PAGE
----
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Older people’s mental health inpatient services consultation

Deciding on the options

This section of the document looks at the steps taken to decide on the options for how we might create specialist older people’s mental health inpatient wards.

What we did

Looked at good practice:

  • talked to people who use our services, and carers, to find out what is important to them,
  • looked at guidance and best practice in clinical care for older people’s mental health,
  • learnt from other NHS Trusts who are examples of good practice, and,
  • talked to our staff about their experiences.

Explored and listened to our communities:

  • we listened to experiences of care on our wards,
  • used what people had already told us from past engagement,
  • had conversations with other health, social care, and voluntary and community sector organisations, and,
  • looked at equality impact.

Developed and tested the options:

  • used all the information we received to inform our options, including feedback from our engagement and equality impact assessment,
  • tested these options against a list of criteria including what people had told us, and,
  • worked together with our health and care partners, and clinical experts to test and assess every option.

The criteria we used

We scored every potential option for how services could change against a set of evaluation criteria.

Our evaluation criteria looked at whether the option would:

  • improve clinical quality and safety,
  • give better access to care,
  • be deliverable and sustainable,
  • work with local plans and strategies,
  • be value for money.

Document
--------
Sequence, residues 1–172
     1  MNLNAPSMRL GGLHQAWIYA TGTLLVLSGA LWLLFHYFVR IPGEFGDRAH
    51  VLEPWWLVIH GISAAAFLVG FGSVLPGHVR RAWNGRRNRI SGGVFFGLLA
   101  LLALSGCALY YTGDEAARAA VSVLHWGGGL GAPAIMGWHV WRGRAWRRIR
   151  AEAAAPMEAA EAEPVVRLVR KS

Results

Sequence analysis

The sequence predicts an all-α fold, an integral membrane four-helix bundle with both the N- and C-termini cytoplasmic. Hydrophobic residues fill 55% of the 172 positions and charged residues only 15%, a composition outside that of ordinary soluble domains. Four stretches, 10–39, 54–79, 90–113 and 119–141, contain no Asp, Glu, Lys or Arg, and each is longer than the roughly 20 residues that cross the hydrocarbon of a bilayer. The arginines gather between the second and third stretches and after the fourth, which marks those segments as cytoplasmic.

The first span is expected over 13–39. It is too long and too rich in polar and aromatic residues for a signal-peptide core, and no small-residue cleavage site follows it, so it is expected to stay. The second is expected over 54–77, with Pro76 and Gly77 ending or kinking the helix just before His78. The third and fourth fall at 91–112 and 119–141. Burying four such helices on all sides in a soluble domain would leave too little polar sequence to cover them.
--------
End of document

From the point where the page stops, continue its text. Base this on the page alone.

Each of these criteria is described in more detail below.

Improve clinical quality and safety. This looked at if the option would:

  • Achieve best practice standards.
  • Give better quality assessment, care and support.
  • Give the specialist care to meet the needs of both groups of patients.
  • Develop staff skills and improve recruitment.
  • Create gender specific wards.
  • Be informed by feedback from service users, families and carers, and our equality impact assessment.

Give better access to care. This looked at if the option would:

  • Give patients continuity of care.
  • Be easier to access for our staff and partners.
  • Help attract the right people to work in our services.
  • Have an impact on travel, transport and parking.
  • Be able to meet future demand for care.
  • Help to reduce the amount of time people need to stay on an inpatient ward.

Be deliverable and sustainable. This looked at if the option would:

  • Be a robust way to deliver care over five to ten years.
  • Be delivered in a short amount of time.
  • Be cost effective.
  • Have the potential to be a medium-term plan, which could be part of a long-term vision for excellence.

Would work with local plans and strategies. This looked at if the option would:

  • Align with national, regional and local plans and strategies.
  • Be value for money
  • Be affordable.
  • Make the best use of the resources that we already have.
  • Create economies of scale (the cost benefits of having a more efficient way of delivering care).

In the next section, you can read more about the options which have been put forward in this consultation.

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